"plaintiff has established a basis for imposing
liability on the defendant independent of any
statutory cause of action under the Act," the claims
are not preempted by the IHRA. Maksimovic, 177 III.2d
at 514, 687 N.E.2d at 22.
The Illinois Supreme Court has specifically and
unequivocally held that assault, battery and false
imprisonment "are long-recognized tort actions which
exist wholly separate and apart from a cause of action
for sexual harassment under the [IHRA]" and thus are
not preempted by the state statute. Id. at 517, 687
N.E.2d at 23. The Court concludes that the same is
true of Temores' IIED claim. Such claims have been
recognized by the Illinois courts as independent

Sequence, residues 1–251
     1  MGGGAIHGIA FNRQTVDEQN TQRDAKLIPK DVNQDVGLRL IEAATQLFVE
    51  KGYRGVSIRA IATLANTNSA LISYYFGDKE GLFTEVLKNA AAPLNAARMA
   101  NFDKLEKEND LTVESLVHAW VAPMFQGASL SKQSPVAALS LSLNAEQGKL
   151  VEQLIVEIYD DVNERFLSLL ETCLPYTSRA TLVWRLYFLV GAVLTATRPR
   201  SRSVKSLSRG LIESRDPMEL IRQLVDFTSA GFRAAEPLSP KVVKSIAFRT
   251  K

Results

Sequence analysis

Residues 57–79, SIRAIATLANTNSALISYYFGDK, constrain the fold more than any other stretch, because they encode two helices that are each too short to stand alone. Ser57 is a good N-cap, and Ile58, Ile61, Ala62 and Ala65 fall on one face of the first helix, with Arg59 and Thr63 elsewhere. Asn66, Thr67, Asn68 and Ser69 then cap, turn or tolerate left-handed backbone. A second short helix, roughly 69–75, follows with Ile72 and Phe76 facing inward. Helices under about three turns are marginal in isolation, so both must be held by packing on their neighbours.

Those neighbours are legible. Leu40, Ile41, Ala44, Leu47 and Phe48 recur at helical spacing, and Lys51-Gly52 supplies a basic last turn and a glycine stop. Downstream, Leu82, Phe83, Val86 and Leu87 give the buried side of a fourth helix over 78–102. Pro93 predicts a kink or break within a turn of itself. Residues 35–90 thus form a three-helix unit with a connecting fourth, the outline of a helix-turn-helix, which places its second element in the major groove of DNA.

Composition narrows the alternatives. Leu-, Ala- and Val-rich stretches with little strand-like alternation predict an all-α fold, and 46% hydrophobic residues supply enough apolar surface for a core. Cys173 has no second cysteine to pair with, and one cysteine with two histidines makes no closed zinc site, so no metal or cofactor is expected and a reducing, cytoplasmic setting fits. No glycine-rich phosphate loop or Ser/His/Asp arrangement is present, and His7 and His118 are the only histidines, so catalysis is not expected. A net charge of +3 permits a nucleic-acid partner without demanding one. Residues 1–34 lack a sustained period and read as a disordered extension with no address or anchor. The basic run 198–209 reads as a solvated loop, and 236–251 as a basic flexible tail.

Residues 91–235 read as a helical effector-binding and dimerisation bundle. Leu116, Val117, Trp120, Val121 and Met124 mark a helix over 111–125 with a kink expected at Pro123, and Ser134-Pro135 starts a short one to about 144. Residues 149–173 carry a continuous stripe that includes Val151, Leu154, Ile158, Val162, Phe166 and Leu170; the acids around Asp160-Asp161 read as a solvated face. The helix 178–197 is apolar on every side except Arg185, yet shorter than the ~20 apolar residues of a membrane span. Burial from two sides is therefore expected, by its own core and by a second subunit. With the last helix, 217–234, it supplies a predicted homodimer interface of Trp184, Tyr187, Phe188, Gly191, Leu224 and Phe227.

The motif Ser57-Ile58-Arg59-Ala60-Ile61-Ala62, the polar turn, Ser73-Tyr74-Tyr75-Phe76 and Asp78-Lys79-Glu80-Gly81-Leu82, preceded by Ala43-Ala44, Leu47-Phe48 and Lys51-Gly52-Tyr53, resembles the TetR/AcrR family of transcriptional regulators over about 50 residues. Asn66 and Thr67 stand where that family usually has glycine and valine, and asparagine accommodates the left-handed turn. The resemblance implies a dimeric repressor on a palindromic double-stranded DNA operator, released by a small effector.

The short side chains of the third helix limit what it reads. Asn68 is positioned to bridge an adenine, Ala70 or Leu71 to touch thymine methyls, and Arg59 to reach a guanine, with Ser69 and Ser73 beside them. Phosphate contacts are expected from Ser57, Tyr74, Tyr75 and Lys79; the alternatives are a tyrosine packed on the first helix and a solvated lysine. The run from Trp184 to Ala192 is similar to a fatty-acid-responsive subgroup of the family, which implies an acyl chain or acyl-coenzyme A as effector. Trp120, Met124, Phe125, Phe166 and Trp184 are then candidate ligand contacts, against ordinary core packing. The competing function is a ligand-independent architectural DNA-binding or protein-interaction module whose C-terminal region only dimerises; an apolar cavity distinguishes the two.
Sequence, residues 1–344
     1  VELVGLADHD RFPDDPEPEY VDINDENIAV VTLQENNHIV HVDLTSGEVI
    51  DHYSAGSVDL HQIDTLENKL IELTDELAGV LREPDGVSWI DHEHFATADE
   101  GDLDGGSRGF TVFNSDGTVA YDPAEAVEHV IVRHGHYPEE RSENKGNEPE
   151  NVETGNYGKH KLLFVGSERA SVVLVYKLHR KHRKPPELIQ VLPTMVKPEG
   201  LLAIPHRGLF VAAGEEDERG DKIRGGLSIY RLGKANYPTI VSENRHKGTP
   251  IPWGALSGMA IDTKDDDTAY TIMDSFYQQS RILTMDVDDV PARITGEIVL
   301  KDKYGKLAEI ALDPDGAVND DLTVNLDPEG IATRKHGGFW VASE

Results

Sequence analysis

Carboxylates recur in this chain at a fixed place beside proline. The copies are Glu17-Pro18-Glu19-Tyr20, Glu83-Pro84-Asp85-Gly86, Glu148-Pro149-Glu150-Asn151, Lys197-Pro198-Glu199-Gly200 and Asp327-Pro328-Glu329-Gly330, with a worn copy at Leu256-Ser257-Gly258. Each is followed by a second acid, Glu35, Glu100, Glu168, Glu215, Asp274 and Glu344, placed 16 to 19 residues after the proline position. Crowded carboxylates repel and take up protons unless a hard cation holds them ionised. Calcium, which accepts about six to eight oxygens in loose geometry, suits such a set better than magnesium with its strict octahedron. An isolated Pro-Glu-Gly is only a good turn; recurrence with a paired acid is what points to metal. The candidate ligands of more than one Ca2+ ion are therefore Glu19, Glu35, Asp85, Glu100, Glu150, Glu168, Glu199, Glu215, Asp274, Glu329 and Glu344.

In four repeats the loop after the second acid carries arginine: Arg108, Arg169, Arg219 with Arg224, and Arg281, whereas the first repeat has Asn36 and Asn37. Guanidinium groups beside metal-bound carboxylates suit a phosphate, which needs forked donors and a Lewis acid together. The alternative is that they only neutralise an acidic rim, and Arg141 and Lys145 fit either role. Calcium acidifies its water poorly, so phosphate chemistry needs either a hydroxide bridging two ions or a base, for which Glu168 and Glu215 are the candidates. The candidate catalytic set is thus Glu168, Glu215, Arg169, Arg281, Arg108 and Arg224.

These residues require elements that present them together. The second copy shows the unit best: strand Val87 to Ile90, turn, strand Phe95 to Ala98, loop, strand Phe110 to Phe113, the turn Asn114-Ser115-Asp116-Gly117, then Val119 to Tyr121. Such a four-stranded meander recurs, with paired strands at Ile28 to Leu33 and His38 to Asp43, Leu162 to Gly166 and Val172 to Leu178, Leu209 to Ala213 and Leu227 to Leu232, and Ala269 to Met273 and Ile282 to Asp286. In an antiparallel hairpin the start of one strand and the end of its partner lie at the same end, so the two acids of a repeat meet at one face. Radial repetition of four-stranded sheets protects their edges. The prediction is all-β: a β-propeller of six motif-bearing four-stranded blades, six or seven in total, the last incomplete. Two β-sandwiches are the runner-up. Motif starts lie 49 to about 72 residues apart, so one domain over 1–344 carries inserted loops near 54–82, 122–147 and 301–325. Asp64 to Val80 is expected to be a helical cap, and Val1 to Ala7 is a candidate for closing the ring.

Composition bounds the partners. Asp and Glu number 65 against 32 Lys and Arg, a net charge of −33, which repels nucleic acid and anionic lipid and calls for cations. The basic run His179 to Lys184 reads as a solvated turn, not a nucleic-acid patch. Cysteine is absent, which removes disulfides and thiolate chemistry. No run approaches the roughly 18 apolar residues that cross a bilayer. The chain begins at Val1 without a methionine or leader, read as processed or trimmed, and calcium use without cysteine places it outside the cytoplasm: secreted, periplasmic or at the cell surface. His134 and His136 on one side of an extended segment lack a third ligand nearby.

actions since long before the adoption of the IHRA.
See Knierim v. Izzo, 22 III.2d 73, 174 N.E.2d 157
(1961). The Court is cognizant of the fact that the
Seventh Circuit recently found an IIED claim against
an employer that "depend[ed] on allegations of sexual
harassment" to be preempted by the IHRA. Quantock v.
Shared Mktg. Services, Inc., 312 F.3d 899, 905 (7th
Cir. 2002). But in this regard, the final word on
whether an Illinois statute preempts an IIlinois claim
comes from Illinois' highest court, which in
Maksimovic rejected an analysis based on the factual
relationship between a claim and the provisions of the
IHRA in favor of an analysis based on the source of
the legal duty underlying the claim.
Temores, 289 F. Supp.2d at 1006-07. Because Roberts' IIED claim is not
based on the violation of a legal duty created by the IHRA, Defendants
are not entitled to judgment as a matter of law on the IIED claim,
For the reasons stated above and in open court, the Court grants
Defendants' motion for a new trial, but denies their motion to amend the
judgment [docket # 77].